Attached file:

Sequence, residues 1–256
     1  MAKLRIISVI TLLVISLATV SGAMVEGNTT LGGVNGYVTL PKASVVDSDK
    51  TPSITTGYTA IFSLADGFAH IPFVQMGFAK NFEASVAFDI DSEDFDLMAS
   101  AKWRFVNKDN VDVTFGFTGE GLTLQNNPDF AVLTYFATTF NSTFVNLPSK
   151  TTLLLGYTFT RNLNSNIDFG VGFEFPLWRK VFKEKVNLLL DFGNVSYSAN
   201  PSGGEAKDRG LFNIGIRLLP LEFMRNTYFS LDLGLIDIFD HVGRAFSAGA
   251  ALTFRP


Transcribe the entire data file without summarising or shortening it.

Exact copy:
Sequence, residues 1–256
     1  MAKLRIISVI TLLVISLATV SGAMVEGNTT LGGVNGYVTL PKASVVDSDK
    51  TPSITTGYTA IFSLADGFAH IPFVQMGFAK NFEASVAFDI DSEDFDLMAS
   101  AKWRFVNKDN VDVTFGFTGE GLTLQNNPDF AVLTYFATTF NSTFVNLPSK
   151  TTLLLGYTFT RNLNSNIDFG VGFEFPLWRK VFKEKVNLLL DFGNVSYSAN
   201  PSGGEAKDRG LFNIGIRLLP LEFMRNTYFS LDLGLIDIFD HVGRAFSAGA
   251  ALTFRP